The Hasidic synagogue was built in 1908, in the so-called “brick style” after a design by Filipowicz-Dubowik from 1906. The designed building of almost square plan is supported by a socle; it consists of a two-storey western part and a prayer hall, and is covered with a hipped roof. Two pilasters frame the eastern part of the southern façade, which corresponds to the prayer hall, and is pierced with three tall pointed windows. The two-storey western part of the façade contains two doorways (for men and women) with folding doors, framed by pilasters and pediments topped with Stars of David. The two oculi above the portals have hexagonal glazing. A pointed window is inserted between the oculi. A stringcourse marks division between the two floors, and two rectangular recesses flank the upper floor windows. A dentiled frieze and a stepped cornice crown the façade. According to the design, the eastern door on the southern façade leads to the vestibule, from where the prayer hall and another heated room, which also had an entrance to the hall, are accessible. The broad prayer hall has ten windows, and an oculus above the Torah ark is placed in the center of its eastern wall. A stove stands by the opposite wall; the prayer hall is furnished with two rows of six pews facing east, an almost square bimah in the center and the Torah ark in the middle of the eastern wall. Two flights of stairs lead to the bimah encircled with an openwork metal railing. The Torah ark stands on a pentagonal platform and is flanked by pilasters; it is accessed via two flights of stairs fenced with a balustrade. A molded cornice runs around a flat ceiling, while a chandelier hangs above the bimah. The western doorway on the southern façade leads to a staircase and to the women’s section on the upper floor. The latter is equipped with a stove and furnished with benches, and connected with the prayer hall through five openings located at the height of the upper floor windows.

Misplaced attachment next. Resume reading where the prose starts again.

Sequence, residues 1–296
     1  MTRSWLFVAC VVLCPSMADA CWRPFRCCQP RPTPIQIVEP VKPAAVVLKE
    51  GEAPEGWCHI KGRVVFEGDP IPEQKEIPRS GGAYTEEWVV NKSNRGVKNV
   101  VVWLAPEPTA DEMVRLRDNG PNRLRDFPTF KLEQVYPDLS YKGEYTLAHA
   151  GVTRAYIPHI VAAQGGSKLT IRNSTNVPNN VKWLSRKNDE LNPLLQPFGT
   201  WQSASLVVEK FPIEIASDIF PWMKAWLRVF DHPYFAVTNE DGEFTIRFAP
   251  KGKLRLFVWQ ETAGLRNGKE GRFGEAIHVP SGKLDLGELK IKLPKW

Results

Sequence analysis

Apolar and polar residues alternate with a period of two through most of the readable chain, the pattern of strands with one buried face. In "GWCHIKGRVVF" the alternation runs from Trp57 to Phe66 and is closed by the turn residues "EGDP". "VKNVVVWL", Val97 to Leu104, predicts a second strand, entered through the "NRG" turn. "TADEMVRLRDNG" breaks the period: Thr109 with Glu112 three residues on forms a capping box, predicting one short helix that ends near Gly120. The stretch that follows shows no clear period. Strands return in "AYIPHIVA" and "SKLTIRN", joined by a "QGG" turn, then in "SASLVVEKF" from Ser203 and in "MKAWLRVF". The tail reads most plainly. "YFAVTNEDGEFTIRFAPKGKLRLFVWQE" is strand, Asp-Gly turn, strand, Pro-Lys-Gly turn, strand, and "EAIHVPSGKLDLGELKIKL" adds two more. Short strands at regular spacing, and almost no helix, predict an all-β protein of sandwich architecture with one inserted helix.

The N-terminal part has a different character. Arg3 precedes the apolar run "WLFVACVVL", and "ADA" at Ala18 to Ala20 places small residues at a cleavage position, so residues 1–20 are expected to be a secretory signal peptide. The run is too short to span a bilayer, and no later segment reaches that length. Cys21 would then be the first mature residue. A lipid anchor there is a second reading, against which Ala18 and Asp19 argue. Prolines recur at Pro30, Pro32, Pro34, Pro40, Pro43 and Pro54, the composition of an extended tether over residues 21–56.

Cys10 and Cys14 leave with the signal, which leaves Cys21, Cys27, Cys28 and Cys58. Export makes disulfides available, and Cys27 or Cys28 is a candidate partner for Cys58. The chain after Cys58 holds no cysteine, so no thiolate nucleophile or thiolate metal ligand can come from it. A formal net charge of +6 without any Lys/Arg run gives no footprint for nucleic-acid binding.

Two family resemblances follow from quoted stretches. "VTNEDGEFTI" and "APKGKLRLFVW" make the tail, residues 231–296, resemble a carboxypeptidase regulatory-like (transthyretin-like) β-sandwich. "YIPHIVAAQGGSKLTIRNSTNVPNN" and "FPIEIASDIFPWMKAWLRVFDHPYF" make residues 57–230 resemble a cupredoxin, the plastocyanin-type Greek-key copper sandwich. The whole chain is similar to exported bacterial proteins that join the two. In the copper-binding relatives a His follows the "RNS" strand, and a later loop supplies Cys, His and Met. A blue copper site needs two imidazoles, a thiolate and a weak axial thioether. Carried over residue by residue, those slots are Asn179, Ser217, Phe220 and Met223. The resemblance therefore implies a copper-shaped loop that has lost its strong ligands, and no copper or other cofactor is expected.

After WW II the synagogue was transformed to house kolkhoz offices. In 2007 the former synagogue was two-storey plastered building covered with a hipped tin roof. Its
ground plan is rectangular, almost square. The structure has preserved its outer walls. Since it is unknown whether Filipowicz- Dubowik’s design was indeed fully implemented, it is possible that the lesenes which currently divide the façades into bays, are original. For example, the eastern façade is divided into five bays, and the central one is narrower than the others, thus reflecting the placement of the Torah ark. In the southern façade, the western doorway has been bricked up while the eastern one has survived, and serves the only entrance to the building.
The rectangular windows are arranged in two tiers. The walls are crowned with a stepped cornice. A low wooden annex under a lean-to roof is attached to the eastern side of the northern façade.
CJA & Lita documentation;
Marija Rupeikienė, Nykstantis kultūros paveldas: Lietuvos sinagogų architektūra (Vilnius, 2003), p. 129 ill. 109b;
Pinkas hakehilot: Lita, ed. Dov Levin (Jerusalem, 1996), p. 283, 285;
Rossiiskaia evreiskaia entsiklopediia (Moscow), vol. 4 - 2000, p. 438;
Cohen-Mushlin, Aliza, Sergey Kravtsov, Vladimir Levin, Giedrė Mickūnaitė, Jurgita Šiaučiūnaitė-Verbickienė (eds.), Synagogues in Lithuania. A Catalogue, 2 vols. (Vilnius: VIlnius Academy of Art Press, 2010-12)
Valentinas Brandišauskas, "Fate of Jewish Property in Lithuania during World War II," in Alfredas Jomantas (ed.), Jewish Cultural Heritage in Lithuania (Vilnius: Versus aureus, 2006), 20-70, here p. 59..